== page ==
Christmas Season 2014 in Rome

posted in: Expat Life, Italy | 2
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Finally, I’m back! Basically, I took a much longer holiday vacation than I had anticipated. December was a wild month and we started 2015 going at about a million miles an hour.

First off, Happy New Year!
Since the last time I wrote, we visited another country, spent a week in the region of Emilia-Romagna, and spent this past week playing tour guide and touring Rome (for up-to-date pictures of our adventures, follow me on Instagram). The bad news is I’ve obviously neglected the blog a little bit, the good news is I’m back and I have so many things to write about I might not finish before spring!
Today, I’m going to write about this year’s Christmas season in Rome. I’ve been reading posts from other bloggers showing off their city’s holiday decorations for the past month and although the holiday season is officially over, I can’t help but share some of our own pictures!
The Christmas season in Italy officially begins on December 8th with the Feast of the Immaculate Conception. On this day in Rome, the Pope visits the Virgin Mary statue in the Spanish Steps to lay a wreath of flowers and pray. Last year, we missed this event so we attempted to see it this year, but when we arrived, there were so many people that we decided to not wait for the Pope.

Even though we didn’t stay for the main event, we did get a picture.
Christmas Eve and Christmas Day was a rather quiet affair for us. It was my first Christmas away from Miami, so it does make one a little homesick. Jaime and I made the best of it though because at least when you live in Rome, even if everything is closed on Christmas Day there is still plenty to see. So we took the opportunity to walk around the center and take some pictures of all the lights around the city. 
Our Christmas tree! Obviously, when your dog willingly lays down in front of the Christmas tree, you need to take a picture.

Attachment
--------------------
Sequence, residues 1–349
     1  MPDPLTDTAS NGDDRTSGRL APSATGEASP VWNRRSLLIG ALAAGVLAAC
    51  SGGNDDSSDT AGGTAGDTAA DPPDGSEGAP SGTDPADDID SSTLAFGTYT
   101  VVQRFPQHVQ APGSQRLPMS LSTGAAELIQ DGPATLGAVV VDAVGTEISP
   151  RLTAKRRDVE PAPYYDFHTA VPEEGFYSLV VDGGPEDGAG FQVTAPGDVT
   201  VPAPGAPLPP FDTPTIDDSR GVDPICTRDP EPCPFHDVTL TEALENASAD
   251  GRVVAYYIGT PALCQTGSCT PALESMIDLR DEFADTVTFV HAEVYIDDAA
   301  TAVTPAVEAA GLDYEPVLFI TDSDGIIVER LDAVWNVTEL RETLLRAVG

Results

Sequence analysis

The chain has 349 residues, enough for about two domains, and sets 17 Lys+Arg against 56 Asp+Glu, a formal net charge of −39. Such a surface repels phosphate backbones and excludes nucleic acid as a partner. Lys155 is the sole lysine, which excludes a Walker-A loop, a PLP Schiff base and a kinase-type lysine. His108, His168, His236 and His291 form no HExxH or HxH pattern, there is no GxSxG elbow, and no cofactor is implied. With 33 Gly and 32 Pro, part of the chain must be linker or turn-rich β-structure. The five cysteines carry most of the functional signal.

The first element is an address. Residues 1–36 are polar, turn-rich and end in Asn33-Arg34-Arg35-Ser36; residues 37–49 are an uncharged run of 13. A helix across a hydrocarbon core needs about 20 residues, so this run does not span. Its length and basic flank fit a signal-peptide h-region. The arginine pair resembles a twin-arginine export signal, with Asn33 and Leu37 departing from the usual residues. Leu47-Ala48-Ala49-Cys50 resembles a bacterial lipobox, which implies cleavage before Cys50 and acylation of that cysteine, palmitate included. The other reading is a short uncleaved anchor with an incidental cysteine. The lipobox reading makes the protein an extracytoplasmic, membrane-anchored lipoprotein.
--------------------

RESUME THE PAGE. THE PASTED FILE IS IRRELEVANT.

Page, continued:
In my opinion, there seemed to be less streets illuminated this year and I wasn’t the only one who thought so. Still, the ones that were illuminated, primarily Via del Corso, really outdid themselves. 
Italy and the EU flag up front.
Via del Corso celebrated the upcoming Expo in Milan by putting up flags of every participating country, in alphabetical order by their Italian name. It was definitely my favorite of both this year and last (here you can see Via del Corso’s decorations from last year). 
We took pictures at various points throughout Via del Corso. Here you can see the Vatican flag (front left).
Cuban flag….
And of course we couldn’t not take a picture of Old Glory.
Via Condotti’s lights were rather simple, but Fendi never fails to have their entire building lit up, much the same as it was last year. 
Finally, Piazza Venezia and the Monument to Vittorio Emanuele II as well as the Colosseum are two places that one shouldn’t miss during the holiday season. Both have huge Christmas trees and this year they closed the Via del Foro Romano that links the two places to motor traffic. There is an amazing view of the Colosseum as you walk toward it in the middle of the wide street. I wished we would have been able to go during the day, but we had no time after that night. 

Piazza Navona’s Christmas market was pretty lame this year (lamer even than last year), as there were less than 10 stands open because of some disagreement between the city and the stand owners. I just realized as I was preparing the pictures for this post, but we didn’t take pictures of the Christmas tree in St. Peter’s Square, but they obviously had their tree and annual Nativity Scene set up as they always do. 

Loved this street (can’t remember the name) with the mini Christmas trees!
All in all, I really can’t complain as spending Christmas in Rome (and most cities in Europe for that matter) is a unique experience that is truly unforgettable. 

2 Responses

    • Beatriz B.

      I know! And luckily the scaffolding has moved away from that iconic corner of the Colosseum so we got to take a really great picture! Thanks for reading, as always!